Stacy Goldsworthy left his role as Technical Manager for CCNZ last month after five years in the role. Contractor magazine talked to him on the eve of his departure.
First of all – where are you off to and why?
I am heading back to Winstone Aggregates to take on a business manager role. I did six years with Winstone Aggregates before moving on to take on the General Manager role at Green Vision Recycling. I have been kicking rocks ever since I left school, so not surprising that I am heading back to quarrying.
Sustainability is on the agenda and more so now than when I took up the role at Green Vision Recycling. Part of the GVR strategy there was to create a macro landscape where our products could compete alongside traditional quarry products.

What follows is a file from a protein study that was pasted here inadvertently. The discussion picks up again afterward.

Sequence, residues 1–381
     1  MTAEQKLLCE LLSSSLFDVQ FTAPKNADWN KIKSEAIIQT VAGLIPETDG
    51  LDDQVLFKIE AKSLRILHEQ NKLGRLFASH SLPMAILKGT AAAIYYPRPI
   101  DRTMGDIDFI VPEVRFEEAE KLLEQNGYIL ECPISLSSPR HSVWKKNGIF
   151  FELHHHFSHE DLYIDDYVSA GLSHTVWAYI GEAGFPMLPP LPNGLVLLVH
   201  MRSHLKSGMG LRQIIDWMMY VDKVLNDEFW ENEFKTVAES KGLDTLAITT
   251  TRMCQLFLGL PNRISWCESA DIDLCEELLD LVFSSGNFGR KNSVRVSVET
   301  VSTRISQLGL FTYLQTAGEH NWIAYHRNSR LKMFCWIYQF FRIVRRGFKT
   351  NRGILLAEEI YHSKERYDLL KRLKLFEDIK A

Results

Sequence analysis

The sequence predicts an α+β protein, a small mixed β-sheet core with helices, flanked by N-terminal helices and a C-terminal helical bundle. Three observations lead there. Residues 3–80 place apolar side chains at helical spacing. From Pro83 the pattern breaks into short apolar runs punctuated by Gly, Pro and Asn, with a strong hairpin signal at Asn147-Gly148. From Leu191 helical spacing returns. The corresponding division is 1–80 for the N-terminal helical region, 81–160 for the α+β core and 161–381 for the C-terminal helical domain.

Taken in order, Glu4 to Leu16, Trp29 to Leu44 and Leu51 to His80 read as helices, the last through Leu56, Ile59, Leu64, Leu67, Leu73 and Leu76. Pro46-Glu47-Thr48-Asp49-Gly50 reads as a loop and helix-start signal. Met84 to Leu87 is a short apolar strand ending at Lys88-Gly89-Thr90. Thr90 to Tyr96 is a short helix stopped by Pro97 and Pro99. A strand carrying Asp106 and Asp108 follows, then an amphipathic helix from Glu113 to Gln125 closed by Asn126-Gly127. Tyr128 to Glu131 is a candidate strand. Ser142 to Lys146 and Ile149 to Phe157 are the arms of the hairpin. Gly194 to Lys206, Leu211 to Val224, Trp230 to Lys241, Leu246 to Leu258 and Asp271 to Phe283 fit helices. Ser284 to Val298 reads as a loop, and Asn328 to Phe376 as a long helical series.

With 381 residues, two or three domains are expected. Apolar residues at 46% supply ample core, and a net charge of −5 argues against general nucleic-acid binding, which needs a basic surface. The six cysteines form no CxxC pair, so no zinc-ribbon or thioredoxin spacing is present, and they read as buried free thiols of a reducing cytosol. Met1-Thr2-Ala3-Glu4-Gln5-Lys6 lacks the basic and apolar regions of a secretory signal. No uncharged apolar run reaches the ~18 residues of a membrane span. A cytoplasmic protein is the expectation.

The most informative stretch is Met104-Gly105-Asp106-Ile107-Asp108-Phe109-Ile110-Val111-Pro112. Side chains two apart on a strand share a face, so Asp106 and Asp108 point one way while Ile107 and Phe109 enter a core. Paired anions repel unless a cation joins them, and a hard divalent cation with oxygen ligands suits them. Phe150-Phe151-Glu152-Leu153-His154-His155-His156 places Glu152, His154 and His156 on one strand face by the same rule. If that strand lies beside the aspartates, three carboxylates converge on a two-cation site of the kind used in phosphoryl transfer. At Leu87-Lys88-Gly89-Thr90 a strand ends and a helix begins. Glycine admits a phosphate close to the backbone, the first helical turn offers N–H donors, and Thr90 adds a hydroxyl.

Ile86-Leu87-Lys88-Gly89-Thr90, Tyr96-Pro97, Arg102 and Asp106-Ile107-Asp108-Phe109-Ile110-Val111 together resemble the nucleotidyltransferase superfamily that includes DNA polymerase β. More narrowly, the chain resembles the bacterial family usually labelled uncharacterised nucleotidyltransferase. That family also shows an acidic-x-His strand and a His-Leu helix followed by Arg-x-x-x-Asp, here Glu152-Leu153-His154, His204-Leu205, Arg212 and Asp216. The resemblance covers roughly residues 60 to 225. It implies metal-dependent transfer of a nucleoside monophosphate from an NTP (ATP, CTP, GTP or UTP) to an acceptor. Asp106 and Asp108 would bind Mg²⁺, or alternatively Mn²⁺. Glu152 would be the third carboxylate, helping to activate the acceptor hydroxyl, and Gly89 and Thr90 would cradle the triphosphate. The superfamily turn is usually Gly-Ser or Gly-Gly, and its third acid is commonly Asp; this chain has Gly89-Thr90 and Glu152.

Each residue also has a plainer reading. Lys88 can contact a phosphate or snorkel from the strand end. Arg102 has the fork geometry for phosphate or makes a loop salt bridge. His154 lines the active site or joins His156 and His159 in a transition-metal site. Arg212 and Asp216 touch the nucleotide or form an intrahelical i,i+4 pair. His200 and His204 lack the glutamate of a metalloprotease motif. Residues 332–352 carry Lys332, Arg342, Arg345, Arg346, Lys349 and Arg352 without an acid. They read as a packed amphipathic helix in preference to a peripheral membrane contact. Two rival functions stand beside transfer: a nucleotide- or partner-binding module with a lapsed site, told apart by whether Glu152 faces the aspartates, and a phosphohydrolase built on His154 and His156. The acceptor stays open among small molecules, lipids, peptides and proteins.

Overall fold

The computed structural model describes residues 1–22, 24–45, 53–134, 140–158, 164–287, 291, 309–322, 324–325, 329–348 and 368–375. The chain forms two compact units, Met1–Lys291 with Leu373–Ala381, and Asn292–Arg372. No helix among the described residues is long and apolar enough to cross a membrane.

I have been watching the changes in the ‘sustainability’ space. The landscape still needs some shaping, but it has developed significantly in the last five years while I have been at CCNZ. I’m excited to get back into it, and I will have some catching up to do.
What attracted you to the role at CCNZ?
I saw the technical manger role as having a significant amount of potential to shape and influence the construction industry. Being able to engage with clients on how construction activities are delivered held a lot of appeal.
It was also an opportunity to work in various technical areas of civil construction that I hadn’t had exposure to before. I saw this as an opportunity to learn and to build my networks.
What was your first and last job as Technical Manager?